Interview/ Schedule control

Schedule Control Work Determines a Project’s Success

Shinpei Matsunaga

Shinpei Matsunaga (joined the company in 2003)

Schedule control / Transportation systems

Project Department

Mechanical engineering graduate


In my first year, I managed Guideway Vehicle production in a plant, and learned about manufacturing from Craftsmen

Shinpei Matsunaga

I grew up with a drafting table in my house, because my father worked in mechanical design. Having this contact from an early age, it was natural that I majored in mechanical engineering at university and wanted to work as an engineer in the future.
When I started my post-university job search, I focused on the railway industry. I learned, however, that the Mitsubishi Heavy Industries Group (MHIG) has a hand in a broad range of industries, including the transportation industry. That ultimately was the deciding factor for me to join MHIG.
I was first assigned to a manufacturing department at a guideway vehicle production plant in Mihara, Hiroshima Prefecture. My job was to manage the production of guideway vehicles in terms of cost, schedules, and other factors. Because I worked right in the plant, I could see every process on the work floor, from plate materials to the finished vehicles. I became quite knowledgeable about manufacturing, being in an environment where I could talk directly with experts about welding and other schedules.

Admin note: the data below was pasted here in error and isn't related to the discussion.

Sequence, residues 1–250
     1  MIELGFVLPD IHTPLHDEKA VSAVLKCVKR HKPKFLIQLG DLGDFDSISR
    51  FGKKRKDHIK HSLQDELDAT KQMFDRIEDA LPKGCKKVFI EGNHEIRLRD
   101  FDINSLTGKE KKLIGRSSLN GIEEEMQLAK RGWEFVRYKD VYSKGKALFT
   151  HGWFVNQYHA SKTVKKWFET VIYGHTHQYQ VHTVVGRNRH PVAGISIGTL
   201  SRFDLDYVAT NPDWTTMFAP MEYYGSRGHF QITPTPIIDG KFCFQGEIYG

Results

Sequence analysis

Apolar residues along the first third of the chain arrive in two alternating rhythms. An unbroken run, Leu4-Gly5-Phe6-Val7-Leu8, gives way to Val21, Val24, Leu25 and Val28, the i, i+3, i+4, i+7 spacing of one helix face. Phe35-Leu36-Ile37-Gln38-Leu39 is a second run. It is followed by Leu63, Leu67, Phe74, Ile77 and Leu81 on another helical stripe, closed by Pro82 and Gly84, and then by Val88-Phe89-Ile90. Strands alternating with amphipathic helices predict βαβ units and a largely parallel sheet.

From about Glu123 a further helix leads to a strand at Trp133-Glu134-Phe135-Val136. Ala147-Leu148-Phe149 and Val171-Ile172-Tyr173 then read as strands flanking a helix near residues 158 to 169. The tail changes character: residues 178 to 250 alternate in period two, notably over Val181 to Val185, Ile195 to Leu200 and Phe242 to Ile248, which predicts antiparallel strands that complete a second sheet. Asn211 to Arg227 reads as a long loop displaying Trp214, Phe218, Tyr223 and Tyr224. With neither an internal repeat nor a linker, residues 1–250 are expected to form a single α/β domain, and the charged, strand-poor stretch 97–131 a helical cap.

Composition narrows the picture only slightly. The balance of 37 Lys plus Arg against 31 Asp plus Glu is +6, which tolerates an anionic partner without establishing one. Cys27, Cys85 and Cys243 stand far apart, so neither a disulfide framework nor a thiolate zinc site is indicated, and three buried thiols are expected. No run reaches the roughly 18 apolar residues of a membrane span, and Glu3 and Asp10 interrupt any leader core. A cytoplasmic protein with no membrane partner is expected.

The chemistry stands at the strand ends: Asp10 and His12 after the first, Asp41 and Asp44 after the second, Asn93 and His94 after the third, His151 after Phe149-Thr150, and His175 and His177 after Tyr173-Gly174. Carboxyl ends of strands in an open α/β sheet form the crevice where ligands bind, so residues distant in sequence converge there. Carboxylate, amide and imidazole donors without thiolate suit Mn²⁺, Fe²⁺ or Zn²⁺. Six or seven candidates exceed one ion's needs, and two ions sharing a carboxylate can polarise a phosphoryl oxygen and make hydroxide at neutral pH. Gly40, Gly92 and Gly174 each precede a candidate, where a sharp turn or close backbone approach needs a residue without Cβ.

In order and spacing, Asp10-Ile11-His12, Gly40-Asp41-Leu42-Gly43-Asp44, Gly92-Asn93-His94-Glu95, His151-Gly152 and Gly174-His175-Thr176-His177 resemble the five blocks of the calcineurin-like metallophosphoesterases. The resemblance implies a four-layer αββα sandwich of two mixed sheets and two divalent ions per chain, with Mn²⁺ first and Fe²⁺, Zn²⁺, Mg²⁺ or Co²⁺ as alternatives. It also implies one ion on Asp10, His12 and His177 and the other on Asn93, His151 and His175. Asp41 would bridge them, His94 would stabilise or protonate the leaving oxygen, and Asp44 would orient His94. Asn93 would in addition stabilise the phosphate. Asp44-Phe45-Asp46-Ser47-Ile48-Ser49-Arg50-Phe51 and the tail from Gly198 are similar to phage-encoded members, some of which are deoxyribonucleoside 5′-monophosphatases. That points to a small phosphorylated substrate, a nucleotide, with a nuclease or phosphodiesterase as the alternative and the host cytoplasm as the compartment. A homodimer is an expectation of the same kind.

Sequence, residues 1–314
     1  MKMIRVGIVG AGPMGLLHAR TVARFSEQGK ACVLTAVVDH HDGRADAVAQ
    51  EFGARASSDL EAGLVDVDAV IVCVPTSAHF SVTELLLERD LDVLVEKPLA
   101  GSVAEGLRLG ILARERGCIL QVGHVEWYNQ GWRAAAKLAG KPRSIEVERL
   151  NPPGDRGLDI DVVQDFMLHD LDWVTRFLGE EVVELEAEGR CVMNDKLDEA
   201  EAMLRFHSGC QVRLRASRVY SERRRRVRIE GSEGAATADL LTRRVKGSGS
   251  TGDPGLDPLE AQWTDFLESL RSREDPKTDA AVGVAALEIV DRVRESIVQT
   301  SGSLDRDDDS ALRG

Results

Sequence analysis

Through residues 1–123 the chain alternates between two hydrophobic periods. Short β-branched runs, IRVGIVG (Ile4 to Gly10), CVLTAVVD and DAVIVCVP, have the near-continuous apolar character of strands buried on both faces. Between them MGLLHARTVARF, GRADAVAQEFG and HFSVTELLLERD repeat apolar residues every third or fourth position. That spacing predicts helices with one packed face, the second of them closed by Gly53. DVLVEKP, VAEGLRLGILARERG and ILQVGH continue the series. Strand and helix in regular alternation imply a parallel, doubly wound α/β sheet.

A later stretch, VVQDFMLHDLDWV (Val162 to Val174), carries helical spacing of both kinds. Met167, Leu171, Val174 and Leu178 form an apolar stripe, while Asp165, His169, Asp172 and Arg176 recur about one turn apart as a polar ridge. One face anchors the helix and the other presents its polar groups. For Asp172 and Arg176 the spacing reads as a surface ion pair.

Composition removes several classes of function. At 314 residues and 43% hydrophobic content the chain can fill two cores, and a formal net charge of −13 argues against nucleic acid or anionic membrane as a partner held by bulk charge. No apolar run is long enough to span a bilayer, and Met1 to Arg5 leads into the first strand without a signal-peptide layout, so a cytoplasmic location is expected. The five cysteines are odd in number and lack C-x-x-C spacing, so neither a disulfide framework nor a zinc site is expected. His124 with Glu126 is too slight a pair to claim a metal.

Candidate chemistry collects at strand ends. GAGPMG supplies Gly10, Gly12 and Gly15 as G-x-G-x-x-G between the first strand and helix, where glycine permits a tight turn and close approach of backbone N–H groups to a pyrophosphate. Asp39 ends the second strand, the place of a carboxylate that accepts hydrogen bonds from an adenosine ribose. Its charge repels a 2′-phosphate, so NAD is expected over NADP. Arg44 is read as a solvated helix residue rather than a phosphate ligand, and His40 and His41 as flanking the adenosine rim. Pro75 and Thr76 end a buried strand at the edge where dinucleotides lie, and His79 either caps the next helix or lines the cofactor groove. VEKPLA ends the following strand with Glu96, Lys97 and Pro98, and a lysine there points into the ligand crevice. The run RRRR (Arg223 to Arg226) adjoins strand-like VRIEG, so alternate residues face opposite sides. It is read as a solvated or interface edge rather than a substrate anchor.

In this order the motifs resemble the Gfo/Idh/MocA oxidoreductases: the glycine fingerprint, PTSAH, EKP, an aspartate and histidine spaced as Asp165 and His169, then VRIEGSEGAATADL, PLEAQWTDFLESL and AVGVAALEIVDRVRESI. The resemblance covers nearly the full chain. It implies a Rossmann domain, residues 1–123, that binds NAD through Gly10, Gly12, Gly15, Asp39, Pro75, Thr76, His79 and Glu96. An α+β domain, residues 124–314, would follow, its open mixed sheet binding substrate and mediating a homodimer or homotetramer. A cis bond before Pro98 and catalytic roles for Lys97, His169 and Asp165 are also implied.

I was transferred in my second year to a section responsible for schedule control for entire transportation system projects. The section’s work involves the complete transportation system, so all processes are under its purview. We must ensure that all system components are connected together and operating properly before testing that the vehicles run as planned. These system components include not just building the vehicles, but also laying rails, running electric power, installing signaling systems, and setting up communication equipment. The design, procurement, construction, testing and commissioning, and handover take a very long time. So the sense of accomplishment is huge when you finally see a system open and people actually riding the trains. The Dubai Metro, which was completed a few years back, opened with a grand fireworks display. Unfortunately, I couldn’t be there because of other work commitments.